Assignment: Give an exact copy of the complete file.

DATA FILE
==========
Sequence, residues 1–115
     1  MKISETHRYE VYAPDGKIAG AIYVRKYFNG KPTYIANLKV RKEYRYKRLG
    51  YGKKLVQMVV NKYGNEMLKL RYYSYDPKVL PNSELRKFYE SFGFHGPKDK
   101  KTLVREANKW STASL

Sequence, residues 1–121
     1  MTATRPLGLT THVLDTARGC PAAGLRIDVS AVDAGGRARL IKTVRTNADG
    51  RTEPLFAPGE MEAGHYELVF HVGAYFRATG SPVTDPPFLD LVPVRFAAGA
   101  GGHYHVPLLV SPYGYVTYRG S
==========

Sequence, residues 1–115
     1  MKISETHRYE VYAPDGKIAG AIYVRKYFNG KPTYIANLKV RKEYRYKRLG
    51  YGKKLVQMVV NKYGNEMLKL RYYSYDPKVL PNSELRKFYE SFGFHGPKDK
   101  KTLVREANKW STASL

Sequence, residues 1–121
     1  MTATRPLGLT THVLDTARGC PAAGLRIDVS AVDAGGRARL IKTVRTNADG
    51  RTEPLFAPGE MEAGHYELVF HVGAYFRATG SPVTDPPFLD LVPVRFAAGA
   101  GGHYHVPLLV SPYGYVTYRG S